As much as I don’t want to reflect on it, the last four years and what happened on Jan. 6 has left us looking at our country in a different light. I believe that many of us were concerned before the breach of the Capitol and even more were concerned afterward. 2020 has been a hard year and 2021 hasn’t gotten off to the best start.

But last week we saw one man unite the nation, no I am not talking about President Joe Biden. I am talking about Sen. Bernie Sanders. 

If you are like me, I began to “feel the Bern” Thursday as photos of the senator attending the presidential inauguration was all over social media. Sanders was all bundled up for the inauguration and looked visibly cold. 

The internet ran wild with Sanders superimposed into a variety of different situations. I saw Bernie getting an MMA fighter in an armbar, sitting on the couch next to the characters of “Friends,” being painted into a Bob Ross painting, sitting next to Forest Gump and more. If you scrolled through Facebook, it was nearly impossible to escape.

But what I was most impressed with was that I saw posts of Bernie coming from my friends on both sides of the political spectrum. Conservative and liberal friends were each having fun with these memes and none of them were being hostile toward the other party. I couldn’t believe it.

I know that when I am struggling or in a bad mood, comedy is something that helps me get through it. It seems like Sanders and his mittens have really helped people with some of their political hostility. While political banter was still out there, it went into Cold War mode rather than full blown anger.

I know that the fame of internet memes is short-lived, but I wish that the chilly Bernie (as I am calling him) was made into a “Where’s Waldo” type book. It would be great to look through the pages of a book trying to spy Bernie sitting somewhere. Or even another idea could be having Bernie as the new Elf on the Shelf (might be dated by then, but would still be funny).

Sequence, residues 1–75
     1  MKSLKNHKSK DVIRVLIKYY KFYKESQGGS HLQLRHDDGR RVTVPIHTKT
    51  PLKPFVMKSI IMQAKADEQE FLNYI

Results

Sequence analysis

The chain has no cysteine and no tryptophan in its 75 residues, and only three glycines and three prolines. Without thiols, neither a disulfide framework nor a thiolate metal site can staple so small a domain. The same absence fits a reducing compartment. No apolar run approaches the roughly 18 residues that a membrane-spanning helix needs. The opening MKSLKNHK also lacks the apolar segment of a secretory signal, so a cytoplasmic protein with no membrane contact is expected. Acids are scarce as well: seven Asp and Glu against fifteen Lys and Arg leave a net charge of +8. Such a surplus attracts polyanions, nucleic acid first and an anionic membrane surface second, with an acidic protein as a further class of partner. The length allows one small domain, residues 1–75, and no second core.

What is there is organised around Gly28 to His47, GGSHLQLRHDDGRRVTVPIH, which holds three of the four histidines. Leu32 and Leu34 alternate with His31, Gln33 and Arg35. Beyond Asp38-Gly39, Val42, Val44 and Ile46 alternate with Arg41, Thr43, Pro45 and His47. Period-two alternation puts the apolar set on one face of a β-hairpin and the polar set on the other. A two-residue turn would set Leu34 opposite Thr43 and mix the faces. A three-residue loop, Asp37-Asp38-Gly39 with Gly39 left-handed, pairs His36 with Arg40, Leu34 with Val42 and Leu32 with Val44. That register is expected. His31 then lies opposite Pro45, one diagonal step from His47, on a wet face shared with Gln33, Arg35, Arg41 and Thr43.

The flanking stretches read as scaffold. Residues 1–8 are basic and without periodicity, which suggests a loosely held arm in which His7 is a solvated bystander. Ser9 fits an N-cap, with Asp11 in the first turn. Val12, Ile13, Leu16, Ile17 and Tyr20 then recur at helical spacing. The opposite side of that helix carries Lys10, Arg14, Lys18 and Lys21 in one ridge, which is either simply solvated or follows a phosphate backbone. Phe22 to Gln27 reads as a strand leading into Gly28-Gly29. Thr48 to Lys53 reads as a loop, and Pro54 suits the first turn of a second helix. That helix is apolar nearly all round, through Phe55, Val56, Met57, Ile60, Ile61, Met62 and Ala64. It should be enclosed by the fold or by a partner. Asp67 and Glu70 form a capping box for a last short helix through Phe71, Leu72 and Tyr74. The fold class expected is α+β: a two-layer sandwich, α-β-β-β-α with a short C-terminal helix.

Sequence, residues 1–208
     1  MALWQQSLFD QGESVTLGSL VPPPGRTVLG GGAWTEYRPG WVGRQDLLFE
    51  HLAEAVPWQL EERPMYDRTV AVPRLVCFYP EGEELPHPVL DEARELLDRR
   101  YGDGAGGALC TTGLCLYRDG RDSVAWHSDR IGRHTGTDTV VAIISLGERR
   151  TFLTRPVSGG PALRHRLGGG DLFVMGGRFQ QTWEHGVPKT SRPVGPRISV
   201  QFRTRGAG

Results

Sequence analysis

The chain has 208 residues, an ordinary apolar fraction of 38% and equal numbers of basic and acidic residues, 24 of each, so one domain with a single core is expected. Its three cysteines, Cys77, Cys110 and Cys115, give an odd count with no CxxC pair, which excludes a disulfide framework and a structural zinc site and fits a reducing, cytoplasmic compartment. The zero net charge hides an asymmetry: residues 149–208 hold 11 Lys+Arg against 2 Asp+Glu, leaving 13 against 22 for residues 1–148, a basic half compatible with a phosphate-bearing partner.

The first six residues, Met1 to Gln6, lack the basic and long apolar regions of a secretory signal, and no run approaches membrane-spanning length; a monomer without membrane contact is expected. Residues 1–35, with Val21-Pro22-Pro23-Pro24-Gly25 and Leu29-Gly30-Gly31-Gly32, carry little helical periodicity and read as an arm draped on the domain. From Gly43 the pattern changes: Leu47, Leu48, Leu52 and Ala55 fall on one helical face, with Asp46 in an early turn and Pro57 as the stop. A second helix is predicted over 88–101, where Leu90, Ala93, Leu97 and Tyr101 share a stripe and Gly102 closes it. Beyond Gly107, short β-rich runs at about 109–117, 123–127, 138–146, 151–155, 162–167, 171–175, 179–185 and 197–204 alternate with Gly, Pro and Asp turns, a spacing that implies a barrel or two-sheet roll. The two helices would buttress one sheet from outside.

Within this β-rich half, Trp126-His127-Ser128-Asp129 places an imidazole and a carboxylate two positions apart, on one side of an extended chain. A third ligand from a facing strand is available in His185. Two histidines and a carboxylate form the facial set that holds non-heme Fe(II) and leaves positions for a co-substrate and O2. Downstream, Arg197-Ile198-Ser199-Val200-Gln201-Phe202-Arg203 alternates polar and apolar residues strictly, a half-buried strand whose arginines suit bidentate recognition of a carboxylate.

Anyway, the 79-year-old Vermont senator was able to reset and refocus our attention, even if it was for only a week. Let’s hope that our political hostilities become disagreements and we work together for what is best for our country.


Hank Aaron and Larry King

Two people that personify their professions, Hank Aaron and Larry King, each passed away last week.

“Hammerin’” Hank Aaron will forever be known as one of the best home run hitters to ever play baseball. Aaron slugged 755 home runs in his 23-year career. While I was not alive to see any of Aaron’s games, I have seen his home run that broke Babe Ruth’s record hundreds of times and it is still impressive.

Although he now sits second behind Barry Bonds (*), I still consider him the home run king. I don’t believe anyone will ever reach the same heights that Aaron did from a home run standpoint again.

Growing up, there was only one face that I recognized from CNN — Larry King. King was a master at the face-to-face interview and provided a more serious level of personal interview journalism.  The broadcaster was an icon with his over 50,000 interviews that ranged from heads of state, athletes, musicians and celebrities.

Known for his suspenders, tie and glasses, King became a caricature that young people could not escape from their children’s shows. Watching shows like “Tiny Toons,” “Animaniacs” and others, King would pop up in his monotone voice and ask a questions to cartoon characters. One of his last caricature cameos came in the movie “Bees” where he played Bee Larry King.

Personally, King’s interview style is what I hope to have later in life. Calm, cool and relaxed but able to get the hard-hitting questions answered.

The two left a undeniable mark on both their professions and history. 


Zach Stich is the managing editor at the Fergus Falls Daily Journal.

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